The digestive process begins in the mouth, where chewing and saliva breakdown food. Digestion continues in the stomach, where food is turned into a liquid called chyme. Chyme next passes into the small intestine. Here, enzymes from the pancreas and liver further digest food. It is also in the small intestine where all nutrients and vitamins are absorbed. Small fingerlike projections lining the small intestine, called villi, enable digested food to enter the bloodstream.
The Roux-en-Y gastric bypass (RYGB) is the most frequently performed weight loss procedure.
During the first part of RYGB, a small pouch is created in the stomach with staples. This step restricts the amount of food the patient can consume to approximately one ounce. The remaining, larger part of the stomach is then separated from the pouch but is not removed.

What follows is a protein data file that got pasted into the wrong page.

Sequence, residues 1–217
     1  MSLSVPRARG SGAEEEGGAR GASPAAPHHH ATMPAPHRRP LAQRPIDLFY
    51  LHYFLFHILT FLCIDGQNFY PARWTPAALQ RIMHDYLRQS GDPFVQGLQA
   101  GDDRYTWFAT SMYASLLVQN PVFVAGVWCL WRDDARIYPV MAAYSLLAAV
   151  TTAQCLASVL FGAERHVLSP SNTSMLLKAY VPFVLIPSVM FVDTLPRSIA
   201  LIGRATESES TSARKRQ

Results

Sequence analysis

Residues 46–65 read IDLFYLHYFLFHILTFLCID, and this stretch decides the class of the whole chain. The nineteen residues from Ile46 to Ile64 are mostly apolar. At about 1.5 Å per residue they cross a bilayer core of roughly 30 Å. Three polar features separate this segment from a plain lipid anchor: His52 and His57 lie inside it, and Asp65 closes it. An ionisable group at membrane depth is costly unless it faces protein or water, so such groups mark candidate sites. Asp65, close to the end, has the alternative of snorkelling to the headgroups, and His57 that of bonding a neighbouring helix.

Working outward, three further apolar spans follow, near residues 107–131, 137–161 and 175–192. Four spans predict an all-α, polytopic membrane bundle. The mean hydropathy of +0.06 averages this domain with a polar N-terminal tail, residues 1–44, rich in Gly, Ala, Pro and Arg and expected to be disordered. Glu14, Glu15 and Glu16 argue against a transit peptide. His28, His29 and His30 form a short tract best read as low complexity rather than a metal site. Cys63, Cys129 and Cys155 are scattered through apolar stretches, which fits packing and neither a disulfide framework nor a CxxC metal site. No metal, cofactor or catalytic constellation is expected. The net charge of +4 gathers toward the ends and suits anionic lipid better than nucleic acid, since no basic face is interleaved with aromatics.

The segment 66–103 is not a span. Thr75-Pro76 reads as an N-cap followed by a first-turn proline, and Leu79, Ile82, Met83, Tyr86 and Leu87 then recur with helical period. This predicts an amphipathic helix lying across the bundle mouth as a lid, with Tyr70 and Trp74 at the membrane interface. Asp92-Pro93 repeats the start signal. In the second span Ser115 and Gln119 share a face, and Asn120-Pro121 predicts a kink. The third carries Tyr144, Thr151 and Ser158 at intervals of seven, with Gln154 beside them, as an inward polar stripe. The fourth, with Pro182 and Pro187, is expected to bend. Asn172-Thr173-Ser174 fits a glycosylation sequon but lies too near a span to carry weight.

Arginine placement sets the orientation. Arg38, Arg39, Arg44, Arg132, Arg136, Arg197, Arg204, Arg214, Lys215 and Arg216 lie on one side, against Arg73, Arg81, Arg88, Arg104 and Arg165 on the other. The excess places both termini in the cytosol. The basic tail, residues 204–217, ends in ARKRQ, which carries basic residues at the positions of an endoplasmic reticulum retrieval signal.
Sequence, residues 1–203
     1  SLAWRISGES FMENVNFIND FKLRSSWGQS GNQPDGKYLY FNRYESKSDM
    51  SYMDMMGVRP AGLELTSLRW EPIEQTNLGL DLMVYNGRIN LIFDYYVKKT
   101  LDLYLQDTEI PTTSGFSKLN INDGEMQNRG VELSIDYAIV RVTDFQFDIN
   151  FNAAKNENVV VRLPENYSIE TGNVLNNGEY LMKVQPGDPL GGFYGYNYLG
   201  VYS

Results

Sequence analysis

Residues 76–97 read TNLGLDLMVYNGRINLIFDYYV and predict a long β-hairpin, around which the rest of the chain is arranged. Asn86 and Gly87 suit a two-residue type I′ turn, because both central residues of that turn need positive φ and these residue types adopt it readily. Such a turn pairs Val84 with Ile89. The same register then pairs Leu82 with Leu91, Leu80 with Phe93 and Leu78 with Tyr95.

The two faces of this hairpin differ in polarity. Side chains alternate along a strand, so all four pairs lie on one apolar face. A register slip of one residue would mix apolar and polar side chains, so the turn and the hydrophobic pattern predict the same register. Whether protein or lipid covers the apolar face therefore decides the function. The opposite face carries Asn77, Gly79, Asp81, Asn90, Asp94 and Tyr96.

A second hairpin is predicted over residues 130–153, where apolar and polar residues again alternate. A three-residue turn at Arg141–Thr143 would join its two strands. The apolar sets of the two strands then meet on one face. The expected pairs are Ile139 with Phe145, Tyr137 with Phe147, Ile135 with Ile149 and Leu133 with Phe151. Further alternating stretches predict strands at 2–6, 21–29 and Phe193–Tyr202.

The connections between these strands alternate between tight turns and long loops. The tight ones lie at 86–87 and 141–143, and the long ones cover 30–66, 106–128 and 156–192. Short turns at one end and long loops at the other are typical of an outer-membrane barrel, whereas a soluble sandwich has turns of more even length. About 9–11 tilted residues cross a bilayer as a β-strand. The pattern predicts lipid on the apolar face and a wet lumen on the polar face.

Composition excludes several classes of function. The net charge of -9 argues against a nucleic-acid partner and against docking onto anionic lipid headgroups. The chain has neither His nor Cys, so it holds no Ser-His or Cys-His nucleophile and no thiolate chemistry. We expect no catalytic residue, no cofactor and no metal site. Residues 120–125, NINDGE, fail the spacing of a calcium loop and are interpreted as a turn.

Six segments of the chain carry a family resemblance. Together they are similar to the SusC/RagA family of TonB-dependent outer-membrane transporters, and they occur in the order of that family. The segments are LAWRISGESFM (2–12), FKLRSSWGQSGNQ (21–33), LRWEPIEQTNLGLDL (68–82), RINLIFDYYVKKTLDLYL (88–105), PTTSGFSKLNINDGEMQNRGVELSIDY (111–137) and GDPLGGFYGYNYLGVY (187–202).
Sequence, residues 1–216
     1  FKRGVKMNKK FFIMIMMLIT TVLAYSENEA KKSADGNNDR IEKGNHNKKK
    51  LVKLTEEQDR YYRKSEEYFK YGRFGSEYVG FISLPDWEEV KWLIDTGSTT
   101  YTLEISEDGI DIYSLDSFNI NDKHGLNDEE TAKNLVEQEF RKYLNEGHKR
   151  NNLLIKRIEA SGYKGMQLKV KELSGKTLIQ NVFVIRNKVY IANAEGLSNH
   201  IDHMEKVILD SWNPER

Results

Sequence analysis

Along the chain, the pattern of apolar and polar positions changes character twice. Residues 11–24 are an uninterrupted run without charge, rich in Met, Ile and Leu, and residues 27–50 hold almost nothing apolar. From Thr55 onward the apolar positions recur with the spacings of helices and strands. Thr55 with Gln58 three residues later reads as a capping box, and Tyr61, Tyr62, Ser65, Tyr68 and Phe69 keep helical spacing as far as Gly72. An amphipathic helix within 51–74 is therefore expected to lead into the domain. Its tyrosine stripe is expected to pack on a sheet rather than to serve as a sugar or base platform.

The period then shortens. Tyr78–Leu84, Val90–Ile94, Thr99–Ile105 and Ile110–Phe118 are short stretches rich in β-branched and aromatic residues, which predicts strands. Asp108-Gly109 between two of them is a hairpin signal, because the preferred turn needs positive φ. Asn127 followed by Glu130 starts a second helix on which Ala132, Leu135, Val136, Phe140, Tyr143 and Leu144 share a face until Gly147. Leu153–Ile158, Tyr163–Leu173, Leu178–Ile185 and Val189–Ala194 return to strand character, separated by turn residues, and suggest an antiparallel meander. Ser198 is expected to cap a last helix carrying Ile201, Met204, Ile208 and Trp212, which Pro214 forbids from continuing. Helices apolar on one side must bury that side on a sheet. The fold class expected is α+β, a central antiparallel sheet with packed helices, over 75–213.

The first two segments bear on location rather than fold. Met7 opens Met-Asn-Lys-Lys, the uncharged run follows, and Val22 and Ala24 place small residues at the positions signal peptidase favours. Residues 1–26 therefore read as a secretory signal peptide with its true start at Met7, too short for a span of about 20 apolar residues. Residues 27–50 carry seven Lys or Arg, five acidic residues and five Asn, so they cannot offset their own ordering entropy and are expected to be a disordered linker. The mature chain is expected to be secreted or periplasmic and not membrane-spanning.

The second step of this procedure involves dividing the small intestine just below the duodenum, the first section of the small intestine.
Next, the second section of the small intestine, the jejunum, is brought up and is connected to the newly created pouch. The duodenum is then reconnected to the new intestinal limb giving the intestine the Y shape for which the procedure is named. By bypassing the duodenum, absorption of nutrients and calories is prevented, resulting in significant weight loss.
Complications specific to the RYGB include dumping syndrome, hernias, and nutritional deficiencies.